• Look at how confident Petrino was in Jurich. The coach agreed to pay Louisville a huge buyout in the event he left for another job — between $5.5 million and $10 million owed to the school, depending on when. Because the two men were betting on each other, that amount would go down by half if Jurich left. (That’s happened.)

That wasn’t the only thing the Cardinals did to Petrino-proof the deal.

Most every contract has a clause about outside income or employment. Coaches typically have to ask their bosses if it’s OK to take other work. It’s not supposed to be unreasonably withheld, but it almost never comes up (BC firing Jeff Jagodzinski for interviewing with the Jets might be the most public exception.) Lots of people in lots of careers have these in their agreements.

Petrino’s contract, though, has ultra-restrictive language that could make it a breach of contract if he or his agent does anything to try to get the coach another job:

Employee agrees not to negotiate for, either personally, or through any agent, or actively seek, or accept other full-time or part-time employment of any nature during the term of this Employment Contract without first giving ten (10) days written notice to the Athletic Director and Chairman, unless Employer has given notice of intention not to renew or extend this Employment Contract.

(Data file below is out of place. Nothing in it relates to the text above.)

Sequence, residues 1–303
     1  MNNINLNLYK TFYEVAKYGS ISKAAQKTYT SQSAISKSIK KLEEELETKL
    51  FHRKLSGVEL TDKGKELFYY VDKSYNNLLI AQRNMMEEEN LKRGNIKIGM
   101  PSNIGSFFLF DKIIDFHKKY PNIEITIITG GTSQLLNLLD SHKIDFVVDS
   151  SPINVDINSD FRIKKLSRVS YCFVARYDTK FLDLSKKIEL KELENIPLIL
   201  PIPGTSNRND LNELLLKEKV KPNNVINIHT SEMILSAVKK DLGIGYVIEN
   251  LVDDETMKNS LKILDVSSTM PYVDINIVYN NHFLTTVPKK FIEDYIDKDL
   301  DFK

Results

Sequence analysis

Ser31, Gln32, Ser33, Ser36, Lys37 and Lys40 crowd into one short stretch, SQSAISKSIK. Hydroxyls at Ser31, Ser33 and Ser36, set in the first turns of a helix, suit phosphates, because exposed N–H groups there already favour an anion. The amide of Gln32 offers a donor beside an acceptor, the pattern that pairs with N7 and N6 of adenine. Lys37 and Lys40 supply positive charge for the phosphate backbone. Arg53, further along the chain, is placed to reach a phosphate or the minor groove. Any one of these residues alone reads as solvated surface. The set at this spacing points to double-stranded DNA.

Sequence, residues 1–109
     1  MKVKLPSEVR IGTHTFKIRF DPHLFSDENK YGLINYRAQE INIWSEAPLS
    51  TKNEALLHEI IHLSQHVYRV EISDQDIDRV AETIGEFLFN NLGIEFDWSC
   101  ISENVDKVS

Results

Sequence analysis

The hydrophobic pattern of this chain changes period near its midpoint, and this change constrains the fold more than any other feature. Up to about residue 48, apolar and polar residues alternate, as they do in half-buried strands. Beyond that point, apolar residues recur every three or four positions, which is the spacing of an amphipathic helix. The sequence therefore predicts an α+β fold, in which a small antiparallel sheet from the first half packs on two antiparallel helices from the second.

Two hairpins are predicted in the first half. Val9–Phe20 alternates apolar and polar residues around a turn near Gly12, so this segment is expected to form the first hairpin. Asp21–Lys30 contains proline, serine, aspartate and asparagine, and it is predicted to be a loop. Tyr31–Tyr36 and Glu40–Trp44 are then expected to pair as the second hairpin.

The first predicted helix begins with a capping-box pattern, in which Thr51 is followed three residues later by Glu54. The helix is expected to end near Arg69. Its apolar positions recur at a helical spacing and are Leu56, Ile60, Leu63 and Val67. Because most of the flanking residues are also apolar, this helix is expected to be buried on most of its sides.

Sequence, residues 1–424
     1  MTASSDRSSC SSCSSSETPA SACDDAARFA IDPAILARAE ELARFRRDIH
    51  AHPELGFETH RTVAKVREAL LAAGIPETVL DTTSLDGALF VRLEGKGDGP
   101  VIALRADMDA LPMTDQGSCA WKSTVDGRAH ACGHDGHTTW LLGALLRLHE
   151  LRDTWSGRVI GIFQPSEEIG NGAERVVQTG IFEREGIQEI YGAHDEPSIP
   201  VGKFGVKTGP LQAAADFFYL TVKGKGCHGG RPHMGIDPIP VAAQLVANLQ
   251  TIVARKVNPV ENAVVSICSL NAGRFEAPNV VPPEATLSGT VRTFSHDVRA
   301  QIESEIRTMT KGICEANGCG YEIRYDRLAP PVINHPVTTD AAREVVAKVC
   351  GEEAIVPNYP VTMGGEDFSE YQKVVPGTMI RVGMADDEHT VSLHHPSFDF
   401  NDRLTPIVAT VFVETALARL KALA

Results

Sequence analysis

A more common passage is like this one, from Maryland’s deal with DJ Durkin ...

The Coach will notify the Athletic Director before entering into any agreement, arrangement, or contract wherein Coach receives any athletically related income or benefits from sources outside the University.

... or this, from Texas A&M’s contract with Jimbo Fisher, which has a clause similar to Petrino’s, but just applies to part-time work and not other coaching jobs:

Something like the Petrino language is not common.

Louisville knew who it was getting into bed with.

The Cardinals prepared for the possibility that Petrino might try to leave, because he’d been doing that for more than a decade already. But when they extended his deal after two years, they didn’t prepare for him to start losing a bunch of games.